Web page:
Helping guide Burcon through the development process is Randy Willardsen, senior vice president of process technology and an engineer with expertise in membrane filtration. Beginning with whey protein, Willardsen has been involved in the production of protein isolates for three decades and has cofounded several related businesses, including a membrane-filtration equipment supplier. Besides canola-derived protein, Willardsen is helping refine Burcon’s process for soy protein isolate, a product he predicts will reach commercialization at an accelerated rate, compared to canola.
Willardsen: Basically it’s the same chemical-free extraction method, regardless of whether you’re dealing with canola meal, soy meal or another raw material. The meal is mixed with water and salt to solubilize the protein, followed by clarification, purification and concentration. After cold water is added to reduce the solution’s ionic strength, the protein forms micelles, which are hydrophobic and can be run through a mechanical separation step. The micelles are then dried.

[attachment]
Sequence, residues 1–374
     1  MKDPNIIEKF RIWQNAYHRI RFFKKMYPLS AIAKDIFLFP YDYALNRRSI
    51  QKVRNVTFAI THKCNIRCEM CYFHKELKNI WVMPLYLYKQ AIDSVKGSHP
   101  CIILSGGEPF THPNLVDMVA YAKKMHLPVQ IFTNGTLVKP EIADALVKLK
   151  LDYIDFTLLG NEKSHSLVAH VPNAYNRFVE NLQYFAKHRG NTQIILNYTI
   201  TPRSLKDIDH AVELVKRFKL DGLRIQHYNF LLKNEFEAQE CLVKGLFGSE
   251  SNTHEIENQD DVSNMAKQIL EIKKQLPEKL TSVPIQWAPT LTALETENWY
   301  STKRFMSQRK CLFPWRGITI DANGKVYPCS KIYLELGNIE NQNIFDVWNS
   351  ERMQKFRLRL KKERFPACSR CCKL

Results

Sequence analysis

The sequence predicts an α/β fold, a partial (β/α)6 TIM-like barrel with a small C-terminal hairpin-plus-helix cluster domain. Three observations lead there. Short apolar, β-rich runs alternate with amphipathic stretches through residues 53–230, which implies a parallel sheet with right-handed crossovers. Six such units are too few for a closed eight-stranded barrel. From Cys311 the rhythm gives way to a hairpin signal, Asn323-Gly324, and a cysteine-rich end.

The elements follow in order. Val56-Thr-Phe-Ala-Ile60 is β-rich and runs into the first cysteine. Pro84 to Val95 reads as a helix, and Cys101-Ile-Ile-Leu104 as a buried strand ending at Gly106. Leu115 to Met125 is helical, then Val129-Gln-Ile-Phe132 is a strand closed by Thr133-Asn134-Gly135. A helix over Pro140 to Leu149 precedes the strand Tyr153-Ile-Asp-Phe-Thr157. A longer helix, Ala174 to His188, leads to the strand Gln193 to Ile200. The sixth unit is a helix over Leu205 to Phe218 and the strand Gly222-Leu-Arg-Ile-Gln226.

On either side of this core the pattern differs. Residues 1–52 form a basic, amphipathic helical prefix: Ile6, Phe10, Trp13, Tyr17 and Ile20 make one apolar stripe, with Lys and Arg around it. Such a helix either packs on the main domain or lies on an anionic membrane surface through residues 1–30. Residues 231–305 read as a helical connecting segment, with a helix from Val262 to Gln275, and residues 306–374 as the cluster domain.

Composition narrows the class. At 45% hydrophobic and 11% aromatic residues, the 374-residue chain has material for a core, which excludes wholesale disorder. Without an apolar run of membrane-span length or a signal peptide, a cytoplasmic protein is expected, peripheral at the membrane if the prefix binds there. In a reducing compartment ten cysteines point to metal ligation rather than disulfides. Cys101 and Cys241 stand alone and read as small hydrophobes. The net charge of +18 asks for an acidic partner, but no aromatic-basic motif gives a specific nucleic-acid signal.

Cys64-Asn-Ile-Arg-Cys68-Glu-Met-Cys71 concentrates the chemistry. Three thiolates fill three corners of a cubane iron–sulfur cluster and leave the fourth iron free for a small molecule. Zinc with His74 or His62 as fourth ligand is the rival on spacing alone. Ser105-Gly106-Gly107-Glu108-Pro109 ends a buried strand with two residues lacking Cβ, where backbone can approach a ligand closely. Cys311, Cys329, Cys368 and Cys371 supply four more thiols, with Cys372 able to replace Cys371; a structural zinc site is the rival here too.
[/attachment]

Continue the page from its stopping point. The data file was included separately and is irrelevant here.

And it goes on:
A lot of refinements have been made to the original process. At first, we took commercial canola meal, the byproduct after oil has been extracted from the rapeseed. But to produce a high-quality protein, extraction has to run at a much lower temperature than it typically does, and that required our involvement in the meal’s production. There were many other issues, as well, such as deactivation of enzymes, which usually is done at temperatures that also knock out the proteins. Part of the appeal of soy protein is that we can take the meal as-is from suppliers.
FE: Is work continuing on canola protein?
Willardsen: In the last two years, we have not done a lot of research on the canola. We consider that work finished and are instead focused on soy protein isolate. The processes are not identical, but they’re similar. And because of all the years of work on canola, we have research scientists in Winnipeg who now are experts in plant proteins.